In Parkinson’s, a protein called alpha-synuclein which is abundant in nerve cells, begins clumping together (or aggregating) and it is believed that this process could be toxic. Anle138b is a small molecule that has been developed, by the German biotech company MODAG, to inhibit alpha-synuclein aggregation; and it is hoped that this treatment will slow-down or halt the progression of Parkinson’s.

Alpha-synuclein is considered “public enemy number one” in Parkinson’s research. We have known since the 1990s that the aggregation of this protein inside of neurons is one of the characteristic features of the Parkinson’s brain. This aggregation is believed to be toxic and as a result there are currently many clinical trials underway targeting alpha-synuclein and trying to remove the aggregates.

One experimental approach to reduce levels of alpha-synuclein in the Parkinson’s brain involves antibodies. Antibodies act as ‘red flags’ for immune cells in the body. They label foreign substances or rogue proteins that need to be removed. Using the immune system to recognise the toxic form of alpha-synuclein is an important area of research – it is called ‘immunotherapy’. However, one of the acknowledged limitations of the immune therapy approach is the low level of antibodies that actually access the brain. 

This is where small molecules like anle138b might have an advantage. Anle138b is taken by mouth and it easily enters the brain; and preclinical research indicates that it is very good at reducing levels of aggregated alpha-synuclein inside cells. The reduction of alpha-synuclein in the brain has been reported to reverse Parkinson’s-like motor symptoms in animal models.

Anle138b – the background

Anle138b is owned by the German biotech company MODAG. It was initially developed to treat a condition that is very similar to Parkinson’s (called multiple system atrophy or MSA), but it has potential therapeutic value for all diseases that feature alpha-synuclein aggregation, particularly Parkinson’s. Cure Parkinson’s funded Professor Maria Spillantini, University of Cambridge in 2013 to carry out the early pre-clinical investigations with anle138b. The researchers found that anle138b was well tolerated in mouse models of Parkinson’s, but more importantly, anle138b restored levels of dopamine and prevented the loss of dopamine neurons in the brain. Anle138b was also reported to improve motor symptoms even when the the drug was administered after the onset of dopamine dysfunction. Read the study paper here.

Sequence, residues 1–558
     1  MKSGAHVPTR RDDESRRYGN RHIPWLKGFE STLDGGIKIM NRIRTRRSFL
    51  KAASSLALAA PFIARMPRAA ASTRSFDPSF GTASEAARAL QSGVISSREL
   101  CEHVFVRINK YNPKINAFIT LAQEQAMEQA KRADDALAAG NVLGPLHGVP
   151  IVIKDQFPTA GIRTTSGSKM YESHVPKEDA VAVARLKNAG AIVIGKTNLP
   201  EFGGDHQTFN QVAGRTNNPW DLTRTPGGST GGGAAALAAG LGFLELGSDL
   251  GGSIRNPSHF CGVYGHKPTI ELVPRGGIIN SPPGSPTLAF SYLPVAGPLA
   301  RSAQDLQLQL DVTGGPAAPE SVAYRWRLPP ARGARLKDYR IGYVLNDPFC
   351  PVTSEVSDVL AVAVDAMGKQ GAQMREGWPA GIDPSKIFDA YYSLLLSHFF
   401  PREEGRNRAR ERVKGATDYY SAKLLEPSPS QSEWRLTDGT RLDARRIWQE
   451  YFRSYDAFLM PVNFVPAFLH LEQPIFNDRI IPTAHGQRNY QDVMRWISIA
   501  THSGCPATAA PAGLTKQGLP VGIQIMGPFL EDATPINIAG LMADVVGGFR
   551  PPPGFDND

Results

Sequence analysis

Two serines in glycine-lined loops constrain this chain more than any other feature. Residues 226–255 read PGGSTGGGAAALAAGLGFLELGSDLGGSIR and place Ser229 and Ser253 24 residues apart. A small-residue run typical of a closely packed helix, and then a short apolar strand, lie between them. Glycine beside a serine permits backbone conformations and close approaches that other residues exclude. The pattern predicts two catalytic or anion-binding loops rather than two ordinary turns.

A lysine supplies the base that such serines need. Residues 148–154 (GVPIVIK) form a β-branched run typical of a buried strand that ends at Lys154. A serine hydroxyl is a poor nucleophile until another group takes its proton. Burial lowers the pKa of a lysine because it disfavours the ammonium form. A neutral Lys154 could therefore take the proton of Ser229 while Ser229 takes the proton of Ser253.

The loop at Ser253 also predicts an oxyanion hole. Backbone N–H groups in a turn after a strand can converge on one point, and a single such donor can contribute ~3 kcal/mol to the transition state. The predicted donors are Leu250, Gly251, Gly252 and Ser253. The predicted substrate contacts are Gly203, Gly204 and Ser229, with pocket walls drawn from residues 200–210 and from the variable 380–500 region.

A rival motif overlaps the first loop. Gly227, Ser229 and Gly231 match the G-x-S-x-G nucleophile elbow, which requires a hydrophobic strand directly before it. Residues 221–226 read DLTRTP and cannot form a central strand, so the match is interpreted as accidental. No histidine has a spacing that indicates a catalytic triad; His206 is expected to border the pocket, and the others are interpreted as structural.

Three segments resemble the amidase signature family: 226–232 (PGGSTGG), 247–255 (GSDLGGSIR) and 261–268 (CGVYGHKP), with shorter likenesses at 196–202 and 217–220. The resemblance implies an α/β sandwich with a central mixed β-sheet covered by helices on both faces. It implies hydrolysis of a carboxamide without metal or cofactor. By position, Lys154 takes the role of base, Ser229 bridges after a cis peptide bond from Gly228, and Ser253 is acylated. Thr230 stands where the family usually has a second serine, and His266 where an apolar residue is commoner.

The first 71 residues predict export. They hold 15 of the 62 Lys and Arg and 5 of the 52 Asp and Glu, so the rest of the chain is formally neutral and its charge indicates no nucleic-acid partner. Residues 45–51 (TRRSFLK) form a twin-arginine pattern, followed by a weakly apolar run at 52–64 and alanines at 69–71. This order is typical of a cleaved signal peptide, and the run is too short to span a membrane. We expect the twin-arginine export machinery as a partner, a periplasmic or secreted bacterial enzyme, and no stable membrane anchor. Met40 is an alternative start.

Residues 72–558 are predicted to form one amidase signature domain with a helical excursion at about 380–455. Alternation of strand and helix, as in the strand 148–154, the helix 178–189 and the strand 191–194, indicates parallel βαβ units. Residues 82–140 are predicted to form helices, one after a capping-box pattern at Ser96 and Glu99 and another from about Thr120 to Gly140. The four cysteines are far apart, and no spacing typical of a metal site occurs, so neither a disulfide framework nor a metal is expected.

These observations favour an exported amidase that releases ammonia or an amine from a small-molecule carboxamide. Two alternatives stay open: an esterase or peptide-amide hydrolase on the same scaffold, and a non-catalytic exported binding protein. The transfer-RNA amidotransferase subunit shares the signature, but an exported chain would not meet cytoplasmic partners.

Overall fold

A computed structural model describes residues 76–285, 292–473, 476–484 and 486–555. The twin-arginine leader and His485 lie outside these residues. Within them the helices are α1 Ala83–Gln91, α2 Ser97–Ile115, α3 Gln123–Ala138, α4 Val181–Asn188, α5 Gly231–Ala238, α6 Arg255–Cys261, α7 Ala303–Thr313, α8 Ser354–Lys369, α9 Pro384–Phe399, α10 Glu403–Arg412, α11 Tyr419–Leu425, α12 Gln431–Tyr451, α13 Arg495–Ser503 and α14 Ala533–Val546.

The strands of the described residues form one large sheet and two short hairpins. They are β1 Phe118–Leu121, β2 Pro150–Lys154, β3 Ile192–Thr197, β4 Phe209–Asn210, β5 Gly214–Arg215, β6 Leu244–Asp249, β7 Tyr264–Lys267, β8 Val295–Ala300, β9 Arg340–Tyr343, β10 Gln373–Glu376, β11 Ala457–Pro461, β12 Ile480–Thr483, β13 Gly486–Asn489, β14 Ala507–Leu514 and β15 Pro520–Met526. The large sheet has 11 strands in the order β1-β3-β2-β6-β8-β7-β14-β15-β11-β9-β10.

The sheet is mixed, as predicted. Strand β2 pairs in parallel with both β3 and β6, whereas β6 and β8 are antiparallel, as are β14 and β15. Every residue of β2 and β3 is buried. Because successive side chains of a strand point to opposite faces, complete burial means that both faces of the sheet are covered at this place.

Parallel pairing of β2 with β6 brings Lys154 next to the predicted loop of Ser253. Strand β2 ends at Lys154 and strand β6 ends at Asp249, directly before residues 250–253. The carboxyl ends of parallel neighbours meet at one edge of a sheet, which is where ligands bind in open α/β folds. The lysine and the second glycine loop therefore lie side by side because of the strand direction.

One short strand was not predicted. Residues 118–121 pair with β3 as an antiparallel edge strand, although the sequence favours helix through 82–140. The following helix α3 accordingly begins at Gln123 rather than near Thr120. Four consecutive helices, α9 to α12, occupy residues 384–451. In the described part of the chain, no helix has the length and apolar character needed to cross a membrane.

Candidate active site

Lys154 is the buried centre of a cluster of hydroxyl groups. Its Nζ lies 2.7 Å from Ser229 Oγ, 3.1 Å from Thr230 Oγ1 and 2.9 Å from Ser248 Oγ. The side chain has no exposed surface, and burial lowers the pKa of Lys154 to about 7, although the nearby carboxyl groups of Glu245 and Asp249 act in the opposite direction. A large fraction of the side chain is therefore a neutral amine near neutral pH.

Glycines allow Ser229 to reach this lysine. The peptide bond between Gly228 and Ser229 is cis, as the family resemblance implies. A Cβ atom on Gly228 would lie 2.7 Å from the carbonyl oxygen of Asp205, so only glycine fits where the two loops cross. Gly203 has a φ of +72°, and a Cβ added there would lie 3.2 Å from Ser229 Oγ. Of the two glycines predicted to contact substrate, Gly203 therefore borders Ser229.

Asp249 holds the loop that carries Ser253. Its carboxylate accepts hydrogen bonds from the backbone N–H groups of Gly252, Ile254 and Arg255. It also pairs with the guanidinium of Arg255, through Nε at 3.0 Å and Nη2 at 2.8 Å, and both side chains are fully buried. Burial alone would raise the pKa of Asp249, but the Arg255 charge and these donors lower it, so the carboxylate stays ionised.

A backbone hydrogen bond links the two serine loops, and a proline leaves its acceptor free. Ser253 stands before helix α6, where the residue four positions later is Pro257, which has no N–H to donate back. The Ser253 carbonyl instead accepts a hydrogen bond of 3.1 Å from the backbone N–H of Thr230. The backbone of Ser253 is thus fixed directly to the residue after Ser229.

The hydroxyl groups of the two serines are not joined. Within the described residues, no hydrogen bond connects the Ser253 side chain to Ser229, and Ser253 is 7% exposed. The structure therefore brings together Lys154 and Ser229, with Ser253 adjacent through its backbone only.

The Michael J Fox Foundation for Parkinson’s Research then supported MODAG to initiate phase 1 clinical testing in 68 healthy volunteers to evaluate the safety and tolerability of anle138b and identify a therapeutic dose.

Read more details about the study here.

MODAG announced the results from their phase 1 clinical trial of anle138b for Parkinson’s in 2020, highlighting that the drug was well tolerated.

Following the positive preclinical data and initial phase 1 testing, MODAG is now conducting a second phase 1 study of anle138b in people with Parkinson’s. This trial is being conducted in the UK at Nottingham University Hospital. It involves testing different doses of the drug in 24 participants with mild to moderate Parkinson’s.

Cure Parkinson’s continues to support this promising area of research.

If you are interested in participating, please email or telephone 03303 031 000.

Read more about the alpha-synuclein drug pipeline in Deputy Director of Research, Dr Simon Stott’s blog post:

Alpha-synuclein – the pipeline of therapies

Read Simon’s blog post

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